Dutch armed forces lax on personnel safety, says critical report Economic affairs minister Eric Wiebes has told parliament it will take time to draw up a new compensation scheme for people in Groningen whose homes have been damaged by earthquakes caused by gas drilling. Wiebes said any plans to cut gas production in the northern province would depend on negotiations with multiple parties. 'It's a considerable operation involving 200 industrial users, three countries with export deals and electricity stations. We can't do it all at once.' His statement was more equivocal than prime minister Mark Rutte's pledge last Friday to have a new compensation plan operating within weeks. The NAM, the company that operates gas drilling in Groningen, has paid out more than €1 billion in compensation but stopped processing claims last April in a dispute over whether the company or householders should be responsible for proving the cause of damage. On a visit to the village of Zeerijp, where a quake measuring 3.4 on the Richter scale struck last Monday, Wiebes admitted that the government had been slow to respond to locals' concerns in the past. 'We've been talking for far too long and need to cut to the chase,' he said. 'Even I'm getting impatient.' Rutte said the seven months of coalition negotiations after the general election in March were the main reason for the delay. 'We wanted to take the NAM out of the process because people were unhappy about having to take their claims to the powerful NAM.' Debate Wiebes told a debate in parliament on Tuesday that he wanted all householders, including those who have received payouts from the NAM, to be covered by the new procedure. 'I'll be very disappointed if I can't arrange that for them,' he said. He said new rules would be drawn up in the foreseeable future but refused to name a specific date. 'We need to reach an agreement with the regional authorities and community organisations. I think that is an orderly way to go about things.' The independent supervisory body SodM is expected to add to the pressure on the government to reduce gas production faster when it publishes its official advice on Thursday. The four-party coalition agreement reached last October set a target of a 7.5% cut from 21.6 billion cubic metres to 20 billion by 2021. Belgium However, further reduction would come at a price to the Dutch treasury, which has already seen its income from the Slochteren gas field reduced from €13 billion in 2013 to less than €2 billion last year. Belgium's main gas importer Synergrid has also pointed out that the NAM is under contract to supply it until 2030. Currently 1.6 million Belgian homes and businesses are heated by Groningen gas. 'No supplies of Dutch gas would leave us in the cold in the winter,' secretary-general Bérénice Crabs told Nieuwsuur. 'I'd urge them to think about that.'  More >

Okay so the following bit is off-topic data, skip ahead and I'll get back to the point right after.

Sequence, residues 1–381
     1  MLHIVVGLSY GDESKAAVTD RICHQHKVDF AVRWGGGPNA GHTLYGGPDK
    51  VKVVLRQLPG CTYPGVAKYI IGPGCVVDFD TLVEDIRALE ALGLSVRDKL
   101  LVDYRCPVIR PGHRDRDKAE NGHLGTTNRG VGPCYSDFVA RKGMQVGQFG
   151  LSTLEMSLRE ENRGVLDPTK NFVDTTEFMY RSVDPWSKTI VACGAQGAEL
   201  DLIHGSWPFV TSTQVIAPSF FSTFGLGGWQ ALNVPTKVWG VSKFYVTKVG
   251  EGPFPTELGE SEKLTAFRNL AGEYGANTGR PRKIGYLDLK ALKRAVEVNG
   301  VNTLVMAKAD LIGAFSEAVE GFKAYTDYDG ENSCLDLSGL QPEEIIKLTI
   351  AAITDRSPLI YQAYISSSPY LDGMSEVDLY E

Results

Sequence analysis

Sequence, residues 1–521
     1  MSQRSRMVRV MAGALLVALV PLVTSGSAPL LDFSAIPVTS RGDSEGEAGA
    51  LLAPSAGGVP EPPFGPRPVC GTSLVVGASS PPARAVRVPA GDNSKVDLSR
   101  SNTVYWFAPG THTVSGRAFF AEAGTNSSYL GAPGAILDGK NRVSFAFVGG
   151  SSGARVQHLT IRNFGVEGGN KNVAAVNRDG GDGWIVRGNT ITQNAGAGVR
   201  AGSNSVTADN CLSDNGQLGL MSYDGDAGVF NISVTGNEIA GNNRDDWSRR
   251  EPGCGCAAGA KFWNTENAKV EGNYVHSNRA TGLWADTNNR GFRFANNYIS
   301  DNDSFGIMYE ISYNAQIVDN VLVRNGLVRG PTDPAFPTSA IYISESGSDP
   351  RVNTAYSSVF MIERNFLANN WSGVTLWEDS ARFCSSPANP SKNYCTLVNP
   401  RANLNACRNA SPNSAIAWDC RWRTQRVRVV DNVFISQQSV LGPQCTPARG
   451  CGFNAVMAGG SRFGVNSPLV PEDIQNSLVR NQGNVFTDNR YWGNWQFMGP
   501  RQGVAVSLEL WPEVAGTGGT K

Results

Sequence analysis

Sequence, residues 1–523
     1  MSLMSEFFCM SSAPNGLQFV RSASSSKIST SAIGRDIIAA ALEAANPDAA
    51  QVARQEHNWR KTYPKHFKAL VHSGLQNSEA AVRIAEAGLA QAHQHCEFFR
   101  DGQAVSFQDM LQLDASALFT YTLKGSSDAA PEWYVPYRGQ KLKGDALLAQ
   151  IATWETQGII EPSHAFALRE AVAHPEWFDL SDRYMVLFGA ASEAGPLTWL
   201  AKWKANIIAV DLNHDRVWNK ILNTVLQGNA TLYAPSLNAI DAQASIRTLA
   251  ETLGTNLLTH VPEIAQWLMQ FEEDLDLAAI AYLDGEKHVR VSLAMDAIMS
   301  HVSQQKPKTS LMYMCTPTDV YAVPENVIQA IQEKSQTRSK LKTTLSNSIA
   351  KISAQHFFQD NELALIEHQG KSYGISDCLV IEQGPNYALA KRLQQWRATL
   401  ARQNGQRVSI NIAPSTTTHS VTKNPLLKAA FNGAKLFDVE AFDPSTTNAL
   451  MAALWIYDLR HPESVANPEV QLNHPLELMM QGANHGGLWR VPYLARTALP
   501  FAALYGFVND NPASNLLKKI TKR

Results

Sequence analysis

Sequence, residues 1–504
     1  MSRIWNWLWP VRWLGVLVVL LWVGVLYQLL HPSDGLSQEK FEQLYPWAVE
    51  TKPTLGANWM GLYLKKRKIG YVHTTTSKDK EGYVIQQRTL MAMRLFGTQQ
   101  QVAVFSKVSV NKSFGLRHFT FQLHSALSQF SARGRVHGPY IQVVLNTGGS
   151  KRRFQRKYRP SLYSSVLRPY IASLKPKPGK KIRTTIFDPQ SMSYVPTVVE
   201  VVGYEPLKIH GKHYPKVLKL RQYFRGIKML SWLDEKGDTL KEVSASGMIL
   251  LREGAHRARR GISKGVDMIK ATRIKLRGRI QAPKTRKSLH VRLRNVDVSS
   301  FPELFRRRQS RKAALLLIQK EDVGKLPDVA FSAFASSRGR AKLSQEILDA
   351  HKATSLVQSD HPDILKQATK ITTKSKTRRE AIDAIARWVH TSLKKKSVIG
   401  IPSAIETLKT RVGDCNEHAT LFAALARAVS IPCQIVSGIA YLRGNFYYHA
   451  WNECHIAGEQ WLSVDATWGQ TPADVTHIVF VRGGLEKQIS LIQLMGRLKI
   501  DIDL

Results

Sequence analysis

US ambassador admits no-go mistakes

Dutch armed forces lax on personnel safety, says critical report The new US ambassador to the Netherlands has told the Telegraaf that he had made mistakes in talking about no-go zones and politicians being set on fire. Piet Hoekstra, who took up office last week and earlier refused to comment when pressed on the issue by Dutch reporters, told the Telegraaf at the weekend that his comments were 'just wrong'. Hoekstra has been under fire in the Netherlands for making the comments in a speech in 2015, then calling the reporting of his comments fake news. 'The statement about politicians being burned was imprecise,' the paper quotes Hoekstra as saying. 'And the no-go zones, that could be an exaggeration of what happens here.' Asked where the information had come from, Hoekstra said he could not remember. 'I have tried to find the statement back about politicians being set on fire in the Netherlands. When I look back, I am shocked that I said it. 'There are of course situations in European countries which look like it, but that has never been the case in the Netherlands. It was a wrong statement. It was plain wrong.' Warm welcome Hoekstra also told the Telegraaf that he had not seen the footage in which he made the comments when he described the claim he had said them as fake news. The ambassador went on to say that he had been welcomed warmly in the Netherlands and that he did not think the difficult start would damage his role. " I have had 25 years of experience in promoting Dutch American interests,' he said. 'People know who I am and a comment from 2015 is not at the top of their list.'  More >